I know exactly what you're thinking. “Why do I need three tools to control the exposure? Wouldn't one suffice?” The answer is no, and I'll explain why with an example. In January, I took a trip to my favorite place on the planet to take pictures–Yellowstone National Park. My guide informed us that the bighorn sheep in the park were dying off very quickly due to whooping cough, so I worked hard that week to capture pictures of the last few sheep in that area of the park.
Around 9AM on a cloudy day, I found a small group of bighorn sheep and started photographing them with a long 600mm lens. The early hour and clouded sky made the situation quite dark for shooting.
Let me help you out. The lens I was working with cost around $12,000, but don’t worry. You can get really good results with a much more affordable 600mm lens. I’m considering selling my expensive lens.
Anyway, it had a maximum aperture size of f/4. So I set my aperture at f/4 to gather as much light as possible. This also impacted the depth-of field to blur out the rocks behind the bighorn sheep. Next, I set my shutter speed. I wanted to capture action in the photo, so I set my camera to 1/1000th of a second shutter speed. I knew that this fast of a shutter speed would prevent any motion blur from the sheep running on the mountain side. Then, I took a picture. WAAAY too dark! I couldn't compromise my shutter speed or aperture, so I knew I needed to use the third player in the exposure triangle–the ISO.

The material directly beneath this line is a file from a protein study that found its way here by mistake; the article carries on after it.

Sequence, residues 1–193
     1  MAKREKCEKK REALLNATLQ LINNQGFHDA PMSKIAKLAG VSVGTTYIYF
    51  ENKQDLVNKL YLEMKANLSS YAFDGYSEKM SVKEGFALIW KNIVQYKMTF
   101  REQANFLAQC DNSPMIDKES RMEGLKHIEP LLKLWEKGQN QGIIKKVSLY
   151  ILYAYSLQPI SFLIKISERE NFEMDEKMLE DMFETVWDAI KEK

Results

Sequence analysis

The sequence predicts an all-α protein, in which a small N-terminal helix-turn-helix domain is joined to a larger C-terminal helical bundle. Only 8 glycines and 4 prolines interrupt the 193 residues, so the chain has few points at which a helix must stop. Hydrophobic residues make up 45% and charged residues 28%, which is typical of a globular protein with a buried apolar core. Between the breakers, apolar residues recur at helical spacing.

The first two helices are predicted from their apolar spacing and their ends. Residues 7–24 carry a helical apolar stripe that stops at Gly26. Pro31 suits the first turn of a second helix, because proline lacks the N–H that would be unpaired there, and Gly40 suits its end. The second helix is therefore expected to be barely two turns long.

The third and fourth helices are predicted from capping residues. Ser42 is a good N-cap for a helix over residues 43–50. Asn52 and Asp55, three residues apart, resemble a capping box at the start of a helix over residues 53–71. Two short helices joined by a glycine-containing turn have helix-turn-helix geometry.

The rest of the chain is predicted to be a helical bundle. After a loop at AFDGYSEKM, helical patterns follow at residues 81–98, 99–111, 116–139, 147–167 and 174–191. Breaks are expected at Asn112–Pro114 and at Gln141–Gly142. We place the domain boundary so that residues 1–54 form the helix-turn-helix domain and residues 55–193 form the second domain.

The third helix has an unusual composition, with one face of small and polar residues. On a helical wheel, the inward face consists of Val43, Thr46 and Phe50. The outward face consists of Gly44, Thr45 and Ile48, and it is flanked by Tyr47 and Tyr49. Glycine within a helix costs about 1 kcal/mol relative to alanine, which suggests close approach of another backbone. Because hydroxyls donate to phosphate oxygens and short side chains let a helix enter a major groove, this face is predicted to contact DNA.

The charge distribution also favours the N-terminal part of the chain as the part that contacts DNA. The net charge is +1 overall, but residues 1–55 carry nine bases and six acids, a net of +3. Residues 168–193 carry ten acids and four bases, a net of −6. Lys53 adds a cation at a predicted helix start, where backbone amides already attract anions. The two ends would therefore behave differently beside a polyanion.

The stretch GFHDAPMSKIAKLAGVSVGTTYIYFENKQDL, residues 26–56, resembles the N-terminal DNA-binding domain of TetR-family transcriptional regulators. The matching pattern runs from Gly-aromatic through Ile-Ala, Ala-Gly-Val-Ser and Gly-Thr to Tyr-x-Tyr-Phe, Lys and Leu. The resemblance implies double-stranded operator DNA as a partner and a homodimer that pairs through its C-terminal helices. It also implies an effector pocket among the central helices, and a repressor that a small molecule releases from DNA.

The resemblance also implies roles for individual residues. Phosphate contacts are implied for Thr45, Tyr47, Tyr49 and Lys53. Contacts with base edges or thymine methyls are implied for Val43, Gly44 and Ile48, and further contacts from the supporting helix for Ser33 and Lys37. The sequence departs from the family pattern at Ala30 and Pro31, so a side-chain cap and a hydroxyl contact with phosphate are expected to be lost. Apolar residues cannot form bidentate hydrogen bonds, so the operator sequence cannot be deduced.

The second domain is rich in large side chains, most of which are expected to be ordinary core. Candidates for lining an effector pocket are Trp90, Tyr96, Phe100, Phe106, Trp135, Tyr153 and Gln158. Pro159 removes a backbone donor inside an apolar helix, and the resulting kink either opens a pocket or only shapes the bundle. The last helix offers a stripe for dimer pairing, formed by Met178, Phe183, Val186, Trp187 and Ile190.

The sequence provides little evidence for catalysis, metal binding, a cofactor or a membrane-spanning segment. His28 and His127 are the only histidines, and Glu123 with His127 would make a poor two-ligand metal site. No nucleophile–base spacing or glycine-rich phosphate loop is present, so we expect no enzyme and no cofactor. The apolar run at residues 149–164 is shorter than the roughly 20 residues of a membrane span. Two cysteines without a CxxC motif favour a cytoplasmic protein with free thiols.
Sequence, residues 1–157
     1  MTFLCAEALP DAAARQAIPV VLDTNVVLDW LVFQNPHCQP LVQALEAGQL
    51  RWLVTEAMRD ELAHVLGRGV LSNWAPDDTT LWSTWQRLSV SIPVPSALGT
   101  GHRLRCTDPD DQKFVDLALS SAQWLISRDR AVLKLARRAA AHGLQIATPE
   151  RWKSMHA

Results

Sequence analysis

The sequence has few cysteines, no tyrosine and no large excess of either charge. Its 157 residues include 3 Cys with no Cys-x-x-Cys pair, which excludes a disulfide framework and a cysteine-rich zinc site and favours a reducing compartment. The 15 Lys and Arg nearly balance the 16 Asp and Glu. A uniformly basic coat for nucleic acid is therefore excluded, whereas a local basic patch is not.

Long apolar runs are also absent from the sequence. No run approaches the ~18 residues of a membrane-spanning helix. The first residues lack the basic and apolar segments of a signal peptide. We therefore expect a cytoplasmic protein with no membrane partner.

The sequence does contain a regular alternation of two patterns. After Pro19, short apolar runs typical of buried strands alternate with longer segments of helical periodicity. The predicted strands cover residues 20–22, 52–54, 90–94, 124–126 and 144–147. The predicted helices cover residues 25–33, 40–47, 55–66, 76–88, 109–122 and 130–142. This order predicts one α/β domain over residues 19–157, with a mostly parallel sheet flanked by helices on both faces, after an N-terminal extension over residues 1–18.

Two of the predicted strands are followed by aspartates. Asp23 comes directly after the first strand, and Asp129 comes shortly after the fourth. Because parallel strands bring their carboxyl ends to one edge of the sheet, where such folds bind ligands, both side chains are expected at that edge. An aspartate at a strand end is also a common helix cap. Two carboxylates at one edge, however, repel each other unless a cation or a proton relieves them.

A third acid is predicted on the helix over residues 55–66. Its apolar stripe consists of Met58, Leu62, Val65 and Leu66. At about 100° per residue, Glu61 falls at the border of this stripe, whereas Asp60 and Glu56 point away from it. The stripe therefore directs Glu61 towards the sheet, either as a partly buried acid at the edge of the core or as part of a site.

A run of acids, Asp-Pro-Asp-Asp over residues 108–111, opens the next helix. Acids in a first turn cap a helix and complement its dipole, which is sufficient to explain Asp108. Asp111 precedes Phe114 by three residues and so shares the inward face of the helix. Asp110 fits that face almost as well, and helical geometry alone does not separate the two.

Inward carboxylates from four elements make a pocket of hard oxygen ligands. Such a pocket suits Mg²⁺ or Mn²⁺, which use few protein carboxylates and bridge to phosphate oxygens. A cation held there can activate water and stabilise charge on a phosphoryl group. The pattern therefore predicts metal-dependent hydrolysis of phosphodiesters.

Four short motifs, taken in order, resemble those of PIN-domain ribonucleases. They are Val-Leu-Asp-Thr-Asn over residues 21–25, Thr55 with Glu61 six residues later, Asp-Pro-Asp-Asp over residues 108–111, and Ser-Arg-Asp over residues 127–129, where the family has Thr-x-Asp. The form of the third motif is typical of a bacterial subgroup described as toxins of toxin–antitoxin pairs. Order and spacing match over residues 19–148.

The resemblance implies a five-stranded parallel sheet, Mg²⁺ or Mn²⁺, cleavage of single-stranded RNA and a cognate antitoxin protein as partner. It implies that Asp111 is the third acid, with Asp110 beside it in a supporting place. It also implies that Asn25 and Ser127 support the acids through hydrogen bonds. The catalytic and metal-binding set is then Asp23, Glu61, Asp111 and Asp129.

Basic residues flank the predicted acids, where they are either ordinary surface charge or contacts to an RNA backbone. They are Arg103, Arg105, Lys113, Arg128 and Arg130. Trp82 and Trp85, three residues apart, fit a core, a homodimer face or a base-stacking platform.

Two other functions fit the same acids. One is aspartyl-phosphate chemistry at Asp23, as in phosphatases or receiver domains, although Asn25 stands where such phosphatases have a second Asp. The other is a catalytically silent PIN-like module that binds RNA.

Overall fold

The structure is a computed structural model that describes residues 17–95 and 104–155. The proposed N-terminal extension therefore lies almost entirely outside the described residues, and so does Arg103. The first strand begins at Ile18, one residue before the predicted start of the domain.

I played around with my ISO and found that if I increased it to ISO 640, it made the picture bright enough to take the picture without making it overly grainy. This combination of shutter speed, aperture, and ISO worked out perfectly. It feels so good to hone in the camera settings!
Now can you see why you need to know how to shutter, aperture, AND ISO, and know how to set them independently on your camera!
If you're a visual learner and want to really learn your camera, then be sure to check out my Photography Start Course. Just a reminder, it's a series of 22 videos where I take you on location to shoot waterfalls, landscapes, people, kids, and macro photos. You can look over my shoulder and see exactly how I set up my camera to take professional photos.
Now, you need to learn how to apply these settings on your camera to take advantage of your new-found nuggets of knowledge.